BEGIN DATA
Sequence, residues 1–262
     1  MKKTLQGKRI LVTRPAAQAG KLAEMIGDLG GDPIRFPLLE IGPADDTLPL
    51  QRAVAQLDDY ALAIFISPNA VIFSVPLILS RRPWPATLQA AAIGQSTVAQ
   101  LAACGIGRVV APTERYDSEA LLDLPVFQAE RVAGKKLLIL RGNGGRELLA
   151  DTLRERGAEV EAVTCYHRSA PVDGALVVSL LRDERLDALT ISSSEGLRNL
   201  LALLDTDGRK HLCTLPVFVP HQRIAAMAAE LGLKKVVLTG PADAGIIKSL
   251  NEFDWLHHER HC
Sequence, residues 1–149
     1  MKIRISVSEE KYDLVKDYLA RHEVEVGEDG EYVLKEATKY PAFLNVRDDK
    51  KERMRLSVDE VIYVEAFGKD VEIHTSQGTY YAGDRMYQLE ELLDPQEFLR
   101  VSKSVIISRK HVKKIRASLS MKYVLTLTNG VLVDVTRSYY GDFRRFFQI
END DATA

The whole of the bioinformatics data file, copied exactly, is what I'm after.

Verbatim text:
Sequence, residues 1–262
     1  MKKTLQGKRI LVTRPAAQAG KLAEMIGDLG GDPIRFPLLE IGPADDTLPL
    51  QRAVAQLDDY ALAIFISPNA VIFSVPLILS RRPWPATLQA AAIGQSTVAQ
   101  LAACGIGRVV APTERYDSEA LLDLPVFQAE RVAGKKLLIL RGNGGRELLA
   151  DTLRERGAEV EAVTCYHRSA PVDGALVVSL LRDERLDALT ISSSEGLRNL
   201  LALLDTDGRK HLCTLPVFVP HQRIAAMAAE LGLKKVVLTG PADAGIIKSL
   251  NEFDWLHHER HC
Sequence, residues 1–149
     1  MKIRISVSEE KYDLVKDYLA RHEVEVGEDG EYVLKEATKY PAFLNVRDDK
    51  KERMRLSVDE VIYVEAFGKD VEIHTSQGTY YAGDRMYQLE ELLDPQEFLR
   101  VSKSVIISRK HVKKIRASLS MKYVLTLTNG VLVDVTRSYY GDFRRFFQI